It is currently August 1st, and school starts on August 10th. Well, for Plant at least. I came from a tiny, private middle school with around 60 kids in my graduating class, and then I went to Plant, which has 636 kids in my class. I can't say for certain how the transition is for kids who went to public school, but I know I was pretty stressed out during my 8th-grade summer. I had all sorts of stress, such as getting lost, making new friends, AP classes, social life, and upperclassmen. I did all the things you were supposed to do: I went to fast camp, I went to orientations, my mom got in touch with other moms from my private school to share her worries, and my brother gave me the rundown on how high school works since he's two years older than me. Surprisingly, I was probably more stressed for high school when it was his turn to finally attend Plant. I think my biggest fear was probably getting lost. To cope with that, I would convince myself that I would be fine because everybody else would also be getting lost if that was the case for me. However, on the first day of school, I pretty much knew where everything was after about half a day. I had already gone through my schedule and walked to all my classes in orientation, so I already knew where everything was. And once I figured out the number system for the classrooms, I could pretty much tell you where anything was based on the room number.
I was also mildly scared because the class of 2023 was getting a lot of hate on social media. And by hate, I mean everyone was making fun of us for being VSCO girls and wearing scrunchies and Birkenstocks. To be fair, throughout the school year, a remarkable number of hydro flasks were dropped in the hallways. But aside from that, no upperclassmen really gave me a hard time, honestly at any point during my high school career. So, if you've watched one too many movies about high school culture, do not worry. If you don't make a scene, no one is going to bother you.
When it came to academics, during my freshman year, I was in all honors classes and one AP class. That class was AP Human Geography. To this day, I think that is the most work I've ever had to do for an AP class. It was chapters upon chapters of notes assigned every night, and the entire class period was just taken up by the teacher talking and us note-taking on her lectures. It was definitely more work than I ever had to do in middle school, but somehow, I managed. Between school volleyball in that class, my first semester was tough. In hindsight, I am glad I took human geography because it prepared me for all the future AP classes I would take. The rest of my honors classes treated me well. They were all doable, they just required paying attention in class and doing the homework. Coping for me looked like taking necessary time off to just be on my phone or read a book I was interested in or play volleyball or something. The last thing you need to happen is to burn out.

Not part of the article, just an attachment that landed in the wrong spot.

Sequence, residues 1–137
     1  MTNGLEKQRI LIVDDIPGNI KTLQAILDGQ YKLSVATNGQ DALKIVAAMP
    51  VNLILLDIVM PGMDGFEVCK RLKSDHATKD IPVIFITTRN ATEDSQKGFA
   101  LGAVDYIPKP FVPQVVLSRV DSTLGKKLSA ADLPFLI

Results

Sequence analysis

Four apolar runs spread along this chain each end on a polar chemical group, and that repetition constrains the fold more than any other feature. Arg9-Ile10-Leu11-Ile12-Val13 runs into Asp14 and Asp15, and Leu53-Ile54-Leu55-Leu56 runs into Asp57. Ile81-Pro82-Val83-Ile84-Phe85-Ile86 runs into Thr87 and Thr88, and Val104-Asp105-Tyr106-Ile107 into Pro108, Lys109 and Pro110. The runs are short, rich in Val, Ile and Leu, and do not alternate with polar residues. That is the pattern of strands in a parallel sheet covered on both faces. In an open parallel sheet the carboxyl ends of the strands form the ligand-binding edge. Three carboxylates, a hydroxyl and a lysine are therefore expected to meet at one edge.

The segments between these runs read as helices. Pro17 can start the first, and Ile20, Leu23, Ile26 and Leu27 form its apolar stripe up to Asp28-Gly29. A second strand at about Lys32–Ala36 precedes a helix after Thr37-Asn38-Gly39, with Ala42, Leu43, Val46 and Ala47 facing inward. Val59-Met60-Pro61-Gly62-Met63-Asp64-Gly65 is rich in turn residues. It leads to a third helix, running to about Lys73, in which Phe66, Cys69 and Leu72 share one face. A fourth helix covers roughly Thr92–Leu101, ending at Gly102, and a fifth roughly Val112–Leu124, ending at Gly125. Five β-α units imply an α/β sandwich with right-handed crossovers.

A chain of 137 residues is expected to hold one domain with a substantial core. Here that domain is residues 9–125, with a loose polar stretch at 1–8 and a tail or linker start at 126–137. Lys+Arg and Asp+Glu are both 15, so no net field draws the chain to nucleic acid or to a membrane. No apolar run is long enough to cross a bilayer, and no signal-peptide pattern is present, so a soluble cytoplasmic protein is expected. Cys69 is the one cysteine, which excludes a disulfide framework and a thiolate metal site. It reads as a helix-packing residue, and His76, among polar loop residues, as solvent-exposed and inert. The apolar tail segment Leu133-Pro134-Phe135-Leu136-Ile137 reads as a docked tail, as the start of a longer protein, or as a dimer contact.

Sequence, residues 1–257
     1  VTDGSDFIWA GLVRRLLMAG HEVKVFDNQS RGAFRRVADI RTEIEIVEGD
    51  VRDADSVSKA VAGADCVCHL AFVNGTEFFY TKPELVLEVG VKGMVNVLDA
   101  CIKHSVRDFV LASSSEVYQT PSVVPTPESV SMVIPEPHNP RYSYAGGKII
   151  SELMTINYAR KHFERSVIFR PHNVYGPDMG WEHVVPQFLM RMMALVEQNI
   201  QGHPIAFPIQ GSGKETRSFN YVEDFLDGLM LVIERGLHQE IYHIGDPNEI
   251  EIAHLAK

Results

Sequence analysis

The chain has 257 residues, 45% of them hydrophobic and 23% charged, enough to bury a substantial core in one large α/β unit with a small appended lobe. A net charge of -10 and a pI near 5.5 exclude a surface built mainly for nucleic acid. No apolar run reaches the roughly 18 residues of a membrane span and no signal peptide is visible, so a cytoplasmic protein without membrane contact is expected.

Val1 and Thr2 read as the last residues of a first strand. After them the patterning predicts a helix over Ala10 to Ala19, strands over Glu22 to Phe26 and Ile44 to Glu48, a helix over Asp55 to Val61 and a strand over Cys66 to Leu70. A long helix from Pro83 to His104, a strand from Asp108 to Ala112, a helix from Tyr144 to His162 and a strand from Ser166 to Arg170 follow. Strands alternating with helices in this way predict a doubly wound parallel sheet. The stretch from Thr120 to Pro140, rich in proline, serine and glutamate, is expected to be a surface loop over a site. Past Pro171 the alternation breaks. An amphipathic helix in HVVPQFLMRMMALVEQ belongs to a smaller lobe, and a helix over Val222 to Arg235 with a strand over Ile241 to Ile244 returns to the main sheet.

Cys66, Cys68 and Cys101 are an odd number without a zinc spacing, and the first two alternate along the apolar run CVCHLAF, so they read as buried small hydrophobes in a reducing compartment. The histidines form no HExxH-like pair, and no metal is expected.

The last thing I'll address is social life. I'm the kind of person who is an extrovert around people I'm comfortable with, but an introvert around people I'm not. I feel like this is a common type of personality to have. coming from middle school, there was only a handful of my friends who were going to the same high school as me. I knew realistically that I couldn't depend on my small circle to be with me throughout the entire day, so I knew I would have to make some new friends. Lunch was the most nerve-wracking part of my first day of freshman year. I didn't know anyone in my lunch beside a girl I had made friends with over a volleyball summer camp. So, we sat down anxiously at a table by ourselves, and we waited. After about 10 minutes, a girl came and sat down at the table. Then another girl, then a boy, then another boy. We were all freshmen, and we all introduced ourselves to each other. It was honestly relieving to see that there were other people who were nervous about making friends in the same way I was. To this day, I am still super close friends with the girls who sat at the table that day. One of the guys left after like a week, but nobody really cared. The point is, you'll have plenty of opportunities to meet new people and make new friends. So don't expect to rely on your current middle school friend group to make it through the first and second semesters. After the first week, the nerves went away, and I've never felt them since. I know it's super cliche, but after a little while, everything is most likely going to be fine. Naturally, there are exceptions, but if you're in the lucky majority like I was, freshman year will be a breeze. So don't worry too much.